SAN FRANCISCO (AP) — California Attorney General Rob Bonta on Thursday sued an anti-abortion group and a chain of anti-abortion counseling centers, saying the organizations misled women when they offered them unproven treatments to reverse medication abortions.
Heartbeat International, a national anti-abortion group, and RealOptions Obria, which has five anti-abortion counseling centers in Northern California, used “fraudulent and misleading claims” to advertise a procedure called abortion pill reversal, according to the lawsuit. Abortion pill reversal treatments are unproven, largely experimental and have no scientific backing, Bonta said in the lawsuit.
“Those who are struggling with the complex decision to get an abortion deserve support and trustworthy guidance — not lies and misinformation,” Bonta said.
Heartbeat International and RealOptions’ deceptive advertising of abortion pill reversal treatments violates California’s False Advertising Law and Unfair Competition Law, the lawsuit said. The suit seeks an injunction to block further dissemination of the claims by the defendants, as well as other remedies and penalties available under state law, according to Bonta’s office.
Despite the lack of scientific evidence and lack of certainty about its safety, Heartbeat International and RealOptions falsely and illegally advertise the treatment as a valid and successful option, and do not alert patients to possible side effects, such as the risk of severe bleeding, the lawsuit further said.
In an email to The Associated Press, Heartbeat International said it learned about the lawsuit through interview requests and that it had not been served.
"These women deserve the right to try and save their pregnancies. No woman should ever be forced to complete an abortion she no longer wants,” it said.
RealOptions did not immediately respond to a phone message from the AP seeking comment.
Founded in 1981, RealOptions has clinics in San Jose, Oakland, Redwood City and Union City. Its website offers pregnancy testing, pre-abortion screening and abortion pill reversal services.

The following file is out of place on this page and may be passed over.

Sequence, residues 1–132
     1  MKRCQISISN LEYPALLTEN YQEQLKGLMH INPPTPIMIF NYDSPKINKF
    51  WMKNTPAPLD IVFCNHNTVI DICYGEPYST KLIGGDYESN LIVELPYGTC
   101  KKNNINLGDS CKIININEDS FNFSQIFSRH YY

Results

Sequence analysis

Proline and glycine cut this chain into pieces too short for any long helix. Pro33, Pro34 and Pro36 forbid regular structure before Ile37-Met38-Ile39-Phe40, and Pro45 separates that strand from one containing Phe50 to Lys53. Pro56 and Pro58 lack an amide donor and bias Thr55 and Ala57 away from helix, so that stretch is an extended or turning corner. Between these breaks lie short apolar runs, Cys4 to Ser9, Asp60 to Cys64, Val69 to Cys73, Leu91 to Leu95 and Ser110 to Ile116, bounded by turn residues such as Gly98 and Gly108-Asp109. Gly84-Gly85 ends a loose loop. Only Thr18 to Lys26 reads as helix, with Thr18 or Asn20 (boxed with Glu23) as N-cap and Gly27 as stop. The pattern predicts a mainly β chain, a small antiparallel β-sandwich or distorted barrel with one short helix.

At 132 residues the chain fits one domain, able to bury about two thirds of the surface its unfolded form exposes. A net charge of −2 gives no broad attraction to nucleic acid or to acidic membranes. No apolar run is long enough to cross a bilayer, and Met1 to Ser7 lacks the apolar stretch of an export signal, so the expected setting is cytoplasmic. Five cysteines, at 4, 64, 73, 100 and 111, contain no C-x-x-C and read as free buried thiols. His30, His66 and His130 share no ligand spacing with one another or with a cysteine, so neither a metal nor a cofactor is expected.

Medication abortions involve taking two prescription medicines days apart — at home or in a clinic. The method, which involves mifepristone and misoprostol, became the preferred way for ending pregnancy in the country even before the U.S. Supreme Court overturned Roe v. Wade last year.
Abortion opponents claim that if a pregnant person takes high doses of the hormone progesterone within 72 hours of taking the first drug — mifepristone — it will safely and effectively cancel the mifepristone’s effect.
The drug is facing a legal challenge that was filed in November and has made it to the Supreme Court, which is expected to agree to hear the case and have the final word, probably by early summer 2024
Colorado this year became the first state to ban abortion pill reversal treatments, but the law won't take effect until the state’s medical, nursing and pharmacy boards determine whether such treatments are “generally accepted standard of practice” or not. Colorado's medical regulators have until Oct. 1 to decide and enact rules.
Colorado is currently the only state that has banned such procedures, according to the Guttmacher Institute, a research group that supports abortion rights. About a dozen states have passed laws compelling abortion providers to tell their patients about abortion reversal treatments.
The American College of Obstetricians and Gynecologists says so-called abortion “reversal” procedures are unproven and unethical.
“The horrifying reality is that right now there are more crisis pregnancy centers in California than abortion care clinics,” Bonta said. “Crisis pregnancy centers do not provide abortion or abortion referral, though they may want you to believe they do.”